A new study published in the Journal of the American Medical Association Network compared patient messaging among ambulatory physicians before and after the onset of the COVID-19 pandemic, and found the physicians were mostly documenting visits and not messaging patients.
WHY IT MATTERS
The study proposed that if telemedicine expansion indicates physicians spending more overall time in EHRs, health systems and policymakers may need to alter productivity expectations and their reimbursement policies.
The researchers from the Division of Clinical Informatics and Digital Transformation in the Department of Medicine at the University of California, San Francisco, and the American Medical Association studied the documentation activity of 1,052 ambulatory physicians at UCSF Health over 115 weeks straddling the onset of the COVID-19 pandemic.
Their multivariable regression model analyzed weekly EHR metadata, comparing the same measures for one year before the pandemic – August 2018-September 2019 – with the same period one year after its onset – August 2020-September 2021.
They found that physician time spent working in the EHR during patient scheduled hours increased from 4.53 to 5.46 hours per eight patient scheduled hours.
Outside of PSHs, their time spent documenting in the EHR increased from 4.29 to 5.34 hours.
The overall time ambulatory physicians spent documenting in EHRs – during and outside of PSHs – increased from 6.35 before the pandemic to 8.18 hours in September 2021, according to the study.
Weeks with a mix of face-to-face and telemedicine visits or entirely telemedicine had more EHR time during PSHs than all face-to-face weeks, with similar results for EHR time outside of PSHs, the researchers said.
“Health systems may need to adjust productivity expectations for physicians and develop strategies to address EHR documentation burden for physicians,” they concluded.
THE LARGER TREND
In the throes of the pandemic, the study’s primary author, A. Jay Holmgren at UCSF, previously partnered with other researchers from Stanford, Harvard and other universities who suspected the rise of telehealth could be to blame for spiking the amount of time clinicians were spending in the EHR.
Their 2021 Journal of the American Medical Informatics Association study, which looked at the EHR metadata from ambulatory care clinicians in 366 U.S. health systems using Epic from December 2019 to December 2020, found that in-basket messages and clinical review were two major factors driving daily EHR minutes up.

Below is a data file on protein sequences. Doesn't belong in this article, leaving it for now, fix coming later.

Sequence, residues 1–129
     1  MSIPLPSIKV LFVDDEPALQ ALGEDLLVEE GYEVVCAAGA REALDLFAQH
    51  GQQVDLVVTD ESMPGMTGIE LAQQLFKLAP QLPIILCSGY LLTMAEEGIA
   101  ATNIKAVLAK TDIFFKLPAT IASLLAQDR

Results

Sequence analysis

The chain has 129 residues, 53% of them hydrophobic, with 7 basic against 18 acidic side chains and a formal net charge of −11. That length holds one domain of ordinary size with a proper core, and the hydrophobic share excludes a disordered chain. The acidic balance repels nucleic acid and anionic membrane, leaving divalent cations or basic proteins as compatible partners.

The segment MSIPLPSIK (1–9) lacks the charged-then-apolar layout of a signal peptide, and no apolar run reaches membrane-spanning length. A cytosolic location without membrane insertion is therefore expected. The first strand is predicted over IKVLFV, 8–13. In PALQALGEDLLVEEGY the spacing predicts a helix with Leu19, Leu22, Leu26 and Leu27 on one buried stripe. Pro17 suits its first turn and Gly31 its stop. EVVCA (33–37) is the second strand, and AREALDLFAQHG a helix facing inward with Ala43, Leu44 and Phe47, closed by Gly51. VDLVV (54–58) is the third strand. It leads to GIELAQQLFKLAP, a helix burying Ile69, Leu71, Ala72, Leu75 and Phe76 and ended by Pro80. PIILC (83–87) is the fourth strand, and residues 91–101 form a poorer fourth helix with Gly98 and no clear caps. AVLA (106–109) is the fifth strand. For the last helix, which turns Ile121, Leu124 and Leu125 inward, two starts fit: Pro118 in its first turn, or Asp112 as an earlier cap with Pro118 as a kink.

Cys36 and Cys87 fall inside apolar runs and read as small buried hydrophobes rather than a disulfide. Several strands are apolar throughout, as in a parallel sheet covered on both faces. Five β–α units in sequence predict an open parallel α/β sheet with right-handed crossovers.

“Policymakers and health system leaders should keep these new demands on clinician time in mind as they develop future reimbursement models and workflows, taking care not to exacerbate EHR-driven clinician burnout,” those researchers said in JAMIA.
More recently, Epic looked at telehealth data to determine the efficacy of virtual care and make the case for further reimbursement.
Across 35 million telehealth visits between March 1, 2020 and May 31, 2022, most patients did not require in-person visits within 90 days of online appointments, the EHR vendor’s researchers said.
They said the results of this analysis of Epic’s data indicated that virtual visits are an effective “alternative, rather than duplicative” care modality and that because telehealth increases access to care, “payers should extend telehealth visit coverage” beyond the pandemic waiver.
While the telehealth waiver has been extended for two years in the 2022 Omnibus, the Telehealth Expansion Act of 2023 allows citizens with high-deductible health plans and health savings accounts access to telehealth and other remote care services permanently, without having to meet their minimum deductible first.
“The expansion allows for people to start the cycle of primary care treatment and follow up on other treatment options that their doctor or primary provider has recommended for them, without having to worry about high costs, deductibles or transportation issues,” Kamala Green, social drivers of health program manager at National Government Services, told Healthcare IT News in August.
ON THE RECORD
“Understanding the drivers of [EHR] burden, including EHR time and patient messaging, may directly inform strategies to address physician burnout,” said researchers. “Given the COVID-19−induced expansion of telemedicine – now used for a substantial proportion of ambulatory encounters – its association with EHR burden should be evaluated.”
Andrea Fox is senior editor of Healthcare IT News.
Email: [email protected]
Healthcare IT News is a HIMSS Media publication.
Source : Healthcare IT News